The Centers for Disease Control announced a temporary ban on dogs imported to the U.S. from Egypt on Friday, citing multiple instances of dogs that contracted rabies in Egypt being brought to the U.S. in recent years.
Officials say Americans’ appetite for adopting puppies has fueled what regulators call an international smuggling operation that skirts U.S. regulations.
“The motives behind illegal puppy importation are not immediately obvious. However, a closer look reveals a big business driven by profit at the expense of the healthand welfare of the underage puppies,” CDC says in a blog post.
“Importers aim to get around these regulations because customers demand puppies as young as 8-weeks. Profits decline by the thousands with each month a puppy ages. The puppy-loving public creating the demand is part of the problem.”
CDC estimates 100,000 dogs are imported from countries at high-risk for rabies every year, some of the 1.06 million dogs that enter the country through airports or ports of entry according to the agency. Three rabid dogs have been imported to the U.S. from Egypt since 2015, some with falsified health paperwork.
Animal rescue organization throughout the U.S. have worked with groups in Egypt and other countries to re-home animals, but federal officials have become increasingly concerned about the accuracy of information provided from overseas. CDC and animal welfare groups say there’s no single database to track what happens to dogs brought into the U.S. from Egypt once they’re in the country.
In 2017, “Operation Dog Catcher” was launched after agents from Customs and Border Protection, CDC, and USDA veterinarians identified more frequent large shipments of puppies at JFK. The operation discovered smuggling operations where dogs from overseas “puppy mills” are shipped to the U.S. as rescue dogs valued at $0, then sold to the public online or on social media under false or misleading information claiming they were bred in the U.S.
The most recent recorded incident was in February of this year, according to CDC, when 26 dogs imported from Egypt were adopted or placed in foster homes through a rescue in the Kansas City area. One of the dogs bit a vet technician and tested positive for rabies.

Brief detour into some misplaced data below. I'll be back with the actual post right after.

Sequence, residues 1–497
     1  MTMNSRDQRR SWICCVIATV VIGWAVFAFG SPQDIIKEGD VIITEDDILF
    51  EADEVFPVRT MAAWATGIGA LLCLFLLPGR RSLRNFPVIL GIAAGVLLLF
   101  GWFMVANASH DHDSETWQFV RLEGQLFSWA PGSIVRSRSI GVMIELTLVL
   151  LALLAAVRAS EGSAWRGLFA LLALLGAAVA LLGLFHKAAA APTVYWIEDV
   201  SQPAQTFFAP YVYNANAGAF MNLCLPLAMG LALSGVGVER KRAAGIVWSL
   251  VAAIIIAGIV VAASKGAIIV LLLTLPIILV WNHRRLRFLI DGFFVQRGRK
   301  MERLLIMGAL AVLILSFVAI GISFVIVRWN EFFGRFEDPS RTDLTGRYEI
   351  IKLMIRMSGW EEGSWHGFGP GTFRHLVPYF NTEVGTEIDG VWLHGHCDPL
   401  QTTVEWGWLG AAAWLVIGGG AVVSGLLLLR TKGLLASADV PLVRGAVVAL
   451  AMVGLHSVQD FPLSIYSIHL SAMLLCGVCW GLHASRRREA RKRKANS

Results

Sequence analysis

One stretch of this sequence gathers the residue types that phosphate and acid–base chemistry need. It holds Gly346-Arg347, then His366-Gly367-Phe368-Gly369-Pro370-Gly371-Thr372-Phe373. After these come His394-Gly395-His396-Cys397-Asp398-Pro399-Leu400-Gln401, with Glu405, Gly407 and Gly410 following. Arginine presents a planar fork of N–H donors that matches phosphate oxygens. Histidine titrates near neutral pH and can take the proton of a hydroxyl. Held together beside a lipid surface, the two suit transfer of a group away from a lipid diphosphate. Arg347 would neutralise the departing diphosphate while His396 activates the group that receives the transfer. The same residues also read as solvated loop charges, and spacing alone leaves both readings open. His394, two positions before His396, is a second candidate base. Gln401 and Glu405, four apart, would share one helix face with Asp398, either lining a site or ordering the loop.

The U.S. has been free of canine rabies since 2007, according to CDC, but the agency says even one imported dog with the virus could create a public health threat if they interact with people or other animals that go untreated.
“The importation of just one dog infected with CRVV risks the re-introduction of the virus into the United States,” CDC says in a draft of it’s public notice, which will be officially posted Friday.
CDC says it has worked with international health organizations to try to clear up the problem but that officials in Egypt have not provided enough information to guarantee the health of imported dogs. Imports will be suspended until the CDC and other federal agencies determine appropriate controls are in place in Egypt to prevent exports of rabid dogs.
While U.S. law says dogs coming into the U.S. have to be healthy and at least six months old, but Operation Dog Catcher found animals with fraudulent health documents and vaccination records. In addition to rabies, dogs can spread other diseases that can spread to humans and other animals, such as parasites or skin infections.
The CDC and animal advocacy groups say members of the public should research breeders and ask to visit facilities or see inspection reports, even though the full records are not publicly available online. CDC says that adopting from credible animal shelters in the U.S. also helps decrease demand for puppies sold through fraudulent operations.